Okay look, no one plans to be the guy on Thanksgiving who upends an entire glass of red wine on Grandmummy’s good tablecloth. But at some point in our lives, there’s a good chance every single one of us will be the guy who upends an entire glass of red wine on Grandmummy’s good tablecloth. When it happens, at least you can be the hero who has the knowledge to help Grandmummy save her precious tablecloth. Here’s what you need to know about removing the most common holiday stains.
Wine Away is incredible at removing spills and splatters from this year’s Beaujolais nouveau, or whatever other red wines may grace your holiday table. It’s also INCREDIBLE at eliminating stains from cranberry sauce, as well as other similarly stain-y things like pomegranates, blueberries, and even tea and coffee.
Dropped a big blurb of gravy or spoonful of buttery mashed potatoes on granny’s good tablecloth, don’t fret: There’s an easy, hands off way to handle it that works just as well a day (or two, or three) after the spill happens. Heap an anthill-style mound of cornstarch on the grease stain and allow it to sit, undisturbed, for 12-48 hours. Then, brush the cornstarch into the trash; if there’s still a lingering stain, repeat the process then launder the tablecloth as usual.
The idea here is to gently reheat wax that’s dripped onto fabric and hardened, and letting the brown paper absorb the wax. So: Lay a sheet of brown paper (like a cut-up Trader Joe’s or Whole Foods grocery bag) over the wax. Heat the iron to the lowest setting, and put it on top of the paper. Check under the paper as the wax begins to soften and absorb into the paper, adjusting it a bit hotter if the wax isn’t melting. When the wax has been absorbed into the paper, throw it away and launder the tablecloth as usual.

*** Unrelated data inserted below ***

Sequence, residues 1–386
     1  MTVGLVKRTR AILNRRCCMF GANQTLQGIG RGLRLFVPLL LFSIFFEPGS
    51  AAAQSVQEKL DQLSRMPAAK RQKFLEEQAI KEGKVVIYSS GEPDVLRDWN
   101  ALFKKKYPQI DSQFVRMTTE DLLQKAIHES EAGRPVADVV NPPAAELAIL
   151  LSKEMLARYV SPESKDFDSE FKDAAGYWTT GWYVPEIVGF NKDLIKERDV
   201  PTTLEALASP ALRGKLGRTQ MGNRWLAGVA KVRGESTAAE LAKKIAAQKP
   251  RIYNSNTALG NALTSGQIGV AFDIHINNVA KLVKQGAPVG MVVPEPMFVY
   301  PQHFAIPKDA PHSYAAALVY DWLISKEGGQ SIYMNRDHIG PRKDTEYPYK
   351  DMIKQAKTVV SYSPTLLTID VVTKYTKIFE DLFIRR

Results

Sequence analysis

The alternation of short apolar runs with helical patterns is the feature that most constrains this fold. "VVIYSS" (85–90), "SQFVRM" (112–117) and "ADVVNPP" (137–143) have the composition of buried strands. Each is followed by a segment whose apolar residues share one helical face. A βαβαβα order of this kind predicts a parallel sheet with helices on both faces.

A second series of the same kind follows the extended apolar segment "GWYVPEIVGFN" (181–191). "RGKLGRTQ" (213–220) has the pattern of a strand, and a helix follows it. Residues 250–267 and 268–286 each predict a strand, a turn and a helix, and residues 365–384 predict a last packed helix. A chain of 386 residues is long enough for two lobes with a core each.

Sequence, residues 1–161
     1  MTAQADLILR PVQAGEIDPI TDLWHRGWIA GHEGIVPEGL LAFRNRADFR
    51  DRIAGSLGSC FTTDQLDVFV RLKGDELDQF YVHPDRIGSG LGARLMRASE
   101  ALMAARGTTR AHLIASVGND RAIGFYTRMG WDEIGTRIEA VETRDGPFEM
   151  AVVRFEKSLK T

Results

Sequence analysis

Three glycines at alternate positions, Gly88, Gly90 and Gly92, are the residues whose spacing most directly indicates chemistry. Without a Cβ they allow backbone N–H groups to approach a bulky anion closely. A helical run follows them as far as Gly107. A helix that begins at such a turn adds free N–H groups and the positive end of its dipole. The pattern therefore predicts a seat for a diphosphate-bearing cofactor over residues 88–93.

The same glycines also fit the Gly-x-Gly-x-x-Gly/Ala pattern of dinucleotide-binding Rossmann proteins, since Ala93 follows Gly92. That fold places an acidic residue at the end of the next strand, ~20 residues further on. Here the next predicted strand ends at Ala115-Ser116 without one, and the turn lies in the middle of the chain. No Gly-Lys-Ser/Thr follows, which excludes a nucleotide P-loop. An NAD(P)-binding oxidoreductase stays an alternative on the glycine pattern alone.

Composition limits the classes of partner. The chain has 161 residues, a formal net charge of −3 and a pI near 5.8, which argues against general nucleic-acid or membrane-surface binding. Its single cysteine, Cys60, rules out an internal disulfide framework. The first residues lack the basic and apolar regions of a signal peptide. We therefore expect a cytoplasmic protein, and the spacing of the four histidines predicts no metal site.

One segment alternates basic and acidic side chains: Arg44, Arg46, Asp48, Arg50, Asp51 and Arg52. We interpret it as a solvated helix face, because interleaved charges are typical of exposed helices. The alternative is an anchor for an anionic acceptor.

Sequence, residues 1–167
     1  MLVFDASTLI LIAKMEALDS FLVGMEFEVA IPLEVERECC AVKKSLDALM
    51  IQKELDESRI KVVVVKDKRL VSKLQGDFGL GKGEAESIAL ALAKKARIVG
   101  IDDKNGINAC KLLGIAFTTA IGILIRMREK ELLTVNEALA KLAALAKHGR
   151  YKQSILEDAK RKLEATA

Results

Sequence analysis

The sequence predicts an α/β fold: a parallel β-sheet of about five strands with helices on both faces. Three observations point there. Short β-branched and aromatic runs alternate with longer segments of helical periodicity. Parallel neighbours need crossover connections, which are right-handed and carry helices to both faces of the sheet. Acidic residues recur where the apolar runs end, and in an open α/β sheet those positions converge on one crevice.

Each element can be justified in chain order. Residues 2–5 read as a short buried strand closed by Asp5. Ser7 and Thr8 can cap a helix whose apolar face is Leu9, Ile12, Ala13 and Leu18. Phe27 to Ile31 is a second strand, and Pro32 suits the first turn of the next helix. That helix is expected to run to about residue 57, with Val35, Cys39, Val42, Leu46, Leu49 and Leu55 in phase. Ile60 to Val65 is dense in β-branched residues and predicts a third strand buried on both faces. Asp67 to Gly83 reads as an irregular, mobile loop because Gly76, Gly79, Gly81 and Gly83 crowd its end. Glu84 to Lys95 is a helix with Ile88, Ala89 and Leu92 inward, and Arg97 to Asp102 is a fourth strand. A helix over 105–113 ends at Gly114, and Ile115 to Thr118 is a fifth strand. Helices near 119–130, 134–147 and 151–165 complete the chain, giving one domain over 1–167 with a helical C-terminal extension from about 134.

This is weird but it really, really works: Use Cascade dishwasher detergent — it must be the powdered stuff! — to clean white table linens. Dissolve a half cup or so of the Cascade in very hot water and then soak the linens in that solution for several hours up to overnight, then launder as usual. It works as a pre-soaking agent for whites because it has a bit of bleaching effect; for that reason, avoid using it on anything other than whites to avoid the risk of color loss.
It’s really common, because of age and improper storage, for vintage and heirloom linens to become yellowed over time. And, if linens are stored with stains that you didn’t catch last Thanksgiving, they can become set-in and very difficult to remove. Skip Cascade on very fine or delicate linens to avoid damage, and instead use Engleside Restoration; it will reverse yellowing, and remove set-in stains from vintage and delicate fabrics like lace and linen.